Lima was never going to save the world. What the UN's 20th climate change conference (Cop20) was meant to do, however, was to lay firm foundations for next December's crucial summit in Paris at which world leaders are expected to finalise an international agreement – a treaty, in all but name – about how to tackle global warming from 2020 onwards. In that context, Lima delivered something so soft and inadequate that it may not be possible to build anything of real significance on it at all.
The weak outcome of Cop20 is all the more disappointing because it followed this year’s publication of the most comprehensive scientific assessment yet by the UN’s Intergovernmental Panel on Climate Change warning that record global emissions of greenhouse gases must peak quite soon and then start falling if the world is to have a fighting chance of achieving the internationally agreed target of containing the increase in average global surface temperatures below 2 degrees.
Indeed, based on the compromises made in Lima and the pledges made so far by the EU, the US, China and others, there is still a yawning gap between what's on the table already and what may be added to it in the run-up to Cop21 in Paris, on the one hand, and what would actually be needed to prevent "dangerous anthropogenic [HUMAN-INDUCED] interference with the climate system", in the words of the UN Framework Convention on Climate Change, adopted by acclamation at the 1992 Earth Summit in Rio de Janeiro.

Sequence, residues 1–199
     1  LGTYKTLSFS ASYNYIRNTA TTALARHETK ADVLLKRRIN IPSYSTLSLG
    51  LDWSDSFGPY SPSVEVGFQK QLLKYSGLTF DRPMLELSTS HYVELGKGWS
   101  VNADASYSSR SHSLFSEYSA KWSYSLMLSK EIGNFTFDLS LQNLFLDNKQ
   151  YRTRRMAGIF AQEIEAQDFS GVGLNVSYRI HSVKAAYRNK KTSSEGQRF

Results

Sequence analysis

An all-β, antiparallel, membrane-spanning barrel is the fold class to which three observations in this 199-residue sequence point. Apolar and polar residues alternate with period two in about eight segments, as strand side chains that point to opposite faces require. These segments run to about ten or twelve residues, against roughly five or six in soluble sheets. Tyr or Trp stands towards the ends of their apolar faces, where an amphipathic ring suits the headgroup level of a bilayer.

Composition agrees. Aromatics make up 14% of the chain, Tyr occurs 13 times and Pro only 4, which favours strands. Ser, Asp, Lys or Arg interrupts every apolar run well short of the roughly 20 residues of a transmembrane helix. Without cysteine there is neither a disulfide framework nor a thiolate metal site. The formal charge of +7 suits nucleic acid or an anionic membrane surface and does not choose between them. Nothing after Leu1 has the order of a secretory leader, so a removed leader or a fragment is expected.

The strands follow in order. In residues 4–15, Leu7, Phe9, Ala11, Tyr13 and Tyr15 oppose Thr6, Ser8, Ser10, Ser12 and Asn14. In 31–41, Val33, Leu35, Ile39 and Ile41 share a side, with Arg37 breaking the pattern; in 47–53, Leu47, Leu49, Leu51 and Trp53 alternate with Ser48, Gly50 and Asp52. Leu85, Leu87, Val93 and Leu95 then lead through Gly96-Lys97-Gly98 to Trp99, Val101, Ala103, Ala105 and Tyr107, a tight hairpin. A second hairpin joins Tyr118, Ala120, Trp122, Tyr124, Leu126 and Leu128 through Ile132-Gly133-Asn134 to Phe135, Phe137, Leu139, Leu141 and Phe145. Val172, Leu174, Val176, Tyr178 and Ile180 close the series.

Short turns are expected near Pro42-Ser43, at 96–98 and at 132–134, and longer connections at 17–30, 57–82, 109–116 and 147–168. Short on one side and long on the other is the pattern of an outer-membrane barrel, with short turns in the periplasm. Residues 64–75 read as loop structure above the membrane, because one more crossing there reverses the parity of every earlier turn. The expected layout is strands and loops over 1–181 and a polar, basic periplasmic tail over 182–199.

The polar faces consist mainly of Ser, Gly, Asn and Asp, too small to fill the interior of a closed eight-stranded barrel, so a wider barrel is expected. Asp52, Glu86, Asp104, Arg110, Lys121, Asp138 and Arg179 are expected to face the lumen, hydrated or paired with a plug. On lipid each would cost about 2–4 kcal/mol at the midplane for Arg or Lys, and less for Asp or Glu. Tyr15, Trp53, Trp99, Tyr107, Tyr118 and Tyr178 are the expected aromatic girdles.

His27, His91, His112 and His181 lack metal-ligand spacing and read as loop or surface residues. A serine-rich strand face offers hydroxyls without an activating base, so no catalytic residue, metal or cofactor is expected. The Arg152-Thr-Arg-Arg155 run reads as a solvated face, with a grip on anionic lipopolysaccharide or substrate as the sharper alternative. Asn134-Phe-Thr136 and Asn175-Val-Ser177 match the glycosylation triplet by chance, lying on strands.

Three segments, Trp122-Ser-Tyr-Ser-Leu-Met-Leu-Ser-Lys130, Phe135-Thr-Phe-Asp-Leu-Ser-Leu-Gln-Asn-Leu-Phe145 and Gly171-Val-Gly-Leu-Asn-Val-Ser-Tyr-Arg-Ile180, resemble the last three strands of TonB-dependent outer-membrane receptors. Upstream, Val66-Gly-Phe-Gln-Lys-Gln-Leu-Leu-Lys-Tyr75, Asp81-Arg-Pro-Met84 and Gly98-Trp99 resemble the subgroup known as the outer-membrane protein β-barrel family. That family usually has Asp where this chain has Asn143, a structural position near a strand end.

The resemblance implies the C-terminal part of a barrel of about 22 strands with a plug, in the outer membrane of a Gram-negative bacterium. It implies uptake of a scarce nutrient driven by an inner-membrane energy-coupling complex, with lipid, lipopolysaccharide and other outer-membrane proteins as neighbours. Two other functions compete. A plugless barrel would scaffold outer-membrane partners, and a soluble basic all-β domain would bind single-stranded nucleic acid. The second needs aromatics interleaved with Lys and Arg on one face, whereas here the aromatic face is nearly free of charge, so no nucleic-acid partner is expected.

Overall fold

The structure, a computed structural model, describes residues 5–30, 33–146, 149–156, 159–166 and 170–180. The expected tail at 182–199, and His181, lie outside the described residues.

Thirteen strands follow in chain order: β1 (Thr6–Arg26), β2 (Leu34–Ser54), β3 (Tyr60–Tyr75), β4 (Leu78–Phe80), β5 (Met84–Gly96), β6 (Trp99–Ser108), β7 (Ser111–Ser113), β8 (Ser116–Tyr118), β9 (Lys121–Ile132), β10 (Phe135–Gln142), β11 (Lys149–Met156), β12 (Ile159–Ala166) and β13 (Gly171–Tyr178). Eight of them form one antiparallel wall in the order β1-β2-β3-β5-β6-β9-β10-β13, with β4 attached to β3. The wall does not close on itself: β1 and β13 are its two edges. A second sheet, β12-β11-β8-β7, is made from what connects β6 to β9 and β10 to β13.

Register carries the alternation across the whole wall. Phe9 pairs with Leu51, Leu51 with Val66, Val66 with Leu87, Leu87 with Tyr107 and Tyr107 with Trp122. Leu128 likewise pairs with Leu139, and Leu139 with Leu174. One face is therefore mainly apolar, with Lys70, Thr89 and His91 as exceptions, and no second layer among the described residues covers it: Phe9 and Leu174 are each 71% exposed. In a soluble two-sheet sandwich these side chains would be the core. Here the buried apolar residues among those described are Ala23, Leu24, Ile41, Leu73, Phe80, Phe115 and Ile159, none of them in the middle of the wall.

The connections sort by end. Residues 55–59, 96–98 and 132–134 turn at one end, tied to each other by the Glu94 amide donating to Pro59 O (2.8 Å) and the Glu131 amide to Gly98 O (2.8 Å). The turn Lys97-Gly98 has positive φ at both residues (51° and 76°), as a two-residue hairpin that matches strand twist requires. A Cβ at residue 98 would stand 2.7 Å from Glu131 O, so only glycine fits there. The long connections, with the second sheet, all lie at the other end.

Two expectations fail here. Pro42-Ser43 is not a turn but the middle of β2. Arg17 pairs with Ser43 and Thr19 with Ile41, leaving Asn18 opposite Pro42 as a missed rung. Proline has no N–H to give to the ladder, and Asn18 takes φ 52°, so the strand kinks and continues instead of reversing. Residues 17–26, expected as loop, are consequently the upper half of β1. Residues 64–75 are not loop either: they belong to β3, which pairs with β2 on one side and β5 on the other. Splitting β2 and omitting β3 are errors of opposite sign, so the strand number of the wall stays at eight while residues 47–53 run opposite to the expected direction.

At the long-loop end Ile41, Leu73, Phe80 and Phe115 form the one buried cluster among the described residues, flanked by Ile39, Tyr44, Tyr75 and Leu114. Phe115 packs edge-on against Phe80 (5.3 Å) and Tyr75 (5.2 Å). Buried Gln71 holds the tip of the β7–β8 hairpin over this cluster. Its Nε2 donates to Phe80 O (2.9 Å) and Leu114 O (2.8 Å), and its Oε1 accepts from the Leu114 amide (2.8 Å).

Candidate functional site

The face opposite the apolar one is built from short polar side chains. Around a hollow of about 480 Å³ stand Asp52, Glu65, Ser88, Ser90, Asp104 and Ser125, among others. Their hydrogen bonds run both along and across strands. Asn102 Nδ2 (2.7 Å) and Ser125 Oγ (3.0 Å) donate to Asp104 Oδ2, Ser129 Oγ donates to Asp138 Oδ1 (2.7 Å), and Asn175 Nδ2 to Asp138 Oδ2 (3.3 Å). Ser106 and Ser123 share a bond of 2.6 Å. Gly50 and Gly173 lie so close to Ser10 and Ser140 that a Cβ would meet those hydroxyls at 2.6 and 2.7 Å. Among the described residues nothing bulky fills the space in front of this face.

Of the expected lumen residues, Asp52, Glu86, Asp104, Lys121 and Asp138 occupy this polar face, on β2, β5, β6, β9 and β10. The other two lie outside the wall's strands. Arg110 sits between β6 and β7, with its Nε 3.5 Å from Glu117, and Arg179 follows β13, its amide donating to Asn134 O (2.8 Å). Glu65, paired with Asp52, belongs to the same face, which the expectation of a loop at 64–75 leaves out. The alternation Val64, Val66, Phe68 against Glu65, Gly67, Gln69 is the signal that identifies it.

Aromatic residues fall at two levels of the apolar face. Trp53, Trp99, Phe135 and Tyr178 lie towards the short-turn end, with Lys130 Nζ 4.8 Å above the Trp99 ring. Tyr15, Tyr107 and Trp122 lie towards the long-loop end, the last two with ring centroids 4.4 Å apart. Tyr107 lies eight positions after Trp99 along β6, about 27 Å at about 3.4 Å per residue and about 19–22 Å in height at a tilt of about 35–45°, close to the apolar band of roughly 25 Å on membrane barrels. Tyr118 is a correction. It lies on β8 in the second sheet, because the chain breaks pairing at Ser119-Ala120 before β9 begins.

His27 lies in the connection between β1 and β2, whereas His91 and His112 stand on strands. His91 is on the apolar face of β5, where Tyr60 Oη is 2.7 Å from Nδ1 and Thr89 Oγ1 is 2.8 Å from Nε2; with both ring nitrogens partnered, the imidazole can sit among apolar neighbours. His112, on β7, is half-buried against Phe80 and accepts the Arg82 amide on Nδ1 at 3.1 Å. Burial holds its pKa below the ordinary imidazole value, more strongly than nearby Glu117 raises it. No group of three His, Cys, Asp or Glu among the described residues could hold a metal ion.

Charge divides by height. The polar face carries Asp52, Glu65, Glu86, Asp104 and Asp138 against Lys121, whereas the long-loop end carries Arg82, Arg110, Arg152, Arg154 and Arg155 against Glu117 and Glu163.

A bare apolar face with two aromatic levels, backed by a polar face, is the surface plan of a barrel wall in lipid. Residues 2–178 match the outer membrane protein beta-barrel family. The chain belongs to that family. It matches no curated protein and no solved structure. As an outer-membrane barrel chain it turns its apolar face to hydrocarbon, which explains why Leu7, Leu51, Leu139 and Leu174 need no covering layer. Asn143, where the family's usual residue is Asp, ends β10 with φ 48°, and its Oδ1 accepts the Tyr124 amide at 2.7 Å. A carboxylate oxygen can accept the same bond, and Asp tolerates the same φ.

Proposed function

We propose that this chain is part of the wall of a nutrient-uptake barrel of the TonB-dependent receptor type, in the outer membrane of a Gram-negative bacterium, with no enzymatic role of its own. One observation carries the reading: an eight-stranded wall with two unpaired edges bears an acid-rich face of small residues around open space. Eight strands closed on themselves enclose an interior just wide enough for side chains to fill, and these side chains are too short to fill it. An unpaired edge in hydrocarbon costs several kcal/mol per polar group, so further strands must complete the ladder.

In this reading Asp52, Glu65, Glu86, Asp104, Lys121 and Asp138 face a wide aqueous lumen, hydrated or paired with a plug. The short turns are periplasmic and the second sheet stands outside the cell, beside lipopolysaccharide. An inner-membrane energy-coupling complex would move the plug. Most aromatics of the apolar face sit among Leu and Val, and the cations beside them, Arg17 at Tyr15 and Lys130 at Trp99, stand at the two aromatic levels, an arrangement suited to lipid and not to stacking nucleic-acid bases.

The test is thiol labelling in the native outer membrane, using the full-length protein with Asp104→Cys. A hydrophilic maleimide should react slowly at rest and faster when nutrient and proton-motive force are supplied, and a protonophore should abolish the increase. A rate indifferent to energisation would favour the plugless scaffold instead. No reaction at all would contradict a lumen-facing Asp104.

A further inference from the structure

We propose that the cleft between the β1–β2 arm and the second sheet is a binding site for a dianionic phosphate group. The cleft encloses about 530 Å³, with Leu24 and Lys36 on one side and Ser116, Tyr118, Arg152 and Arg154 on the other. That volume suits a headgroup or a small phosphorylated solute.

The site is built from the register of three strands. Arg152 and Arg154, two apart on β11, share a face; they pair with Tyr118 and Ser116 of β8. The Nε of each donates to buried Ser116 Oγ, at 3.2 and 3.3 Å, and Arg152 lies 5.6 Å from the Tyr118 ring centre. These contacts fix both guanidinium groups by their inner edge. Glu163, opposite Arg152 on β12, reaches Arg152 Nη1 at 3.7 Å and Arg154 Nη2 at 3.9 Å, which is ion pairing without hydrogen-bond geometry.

Despite the impassioned speech by US secretary of state John Kerry on a flying visit to Lima last Thursday, his own delegation at the conference repeatedly resisted more ambitious language on issues of concern to poorer developing countries. The EU was little better, having long since lost its leadership role on climate change at UN conferences. It has less than a year to re-assume that role in the interests of a world under growing risk of climate chaos.
It took determined opposition from developing countries, notably the poorest of the poor, and sustained pressure from climate activists – including former Philippines enjoy Yeb Sano – to prevent Lima becoming another Copenhagen-style train wreck. The role played by Peruvian environment minister Manuel Pulgar-Vidal, as Cop20 president, was also pivotal in securing an outcome and was no doubt being studied closely by French foreign minister Laurent Fabius, who will preside at Cop21 in Paris.
But it will take more than making a few judicious tweaks in bland, lowest-common denominator texts over the next 12 months to ensure that the UN’s 21st climate change conference sets the world on a safer path. That must mean adopting strong measures that could over time actually contain rising temperatures below 2 degrees.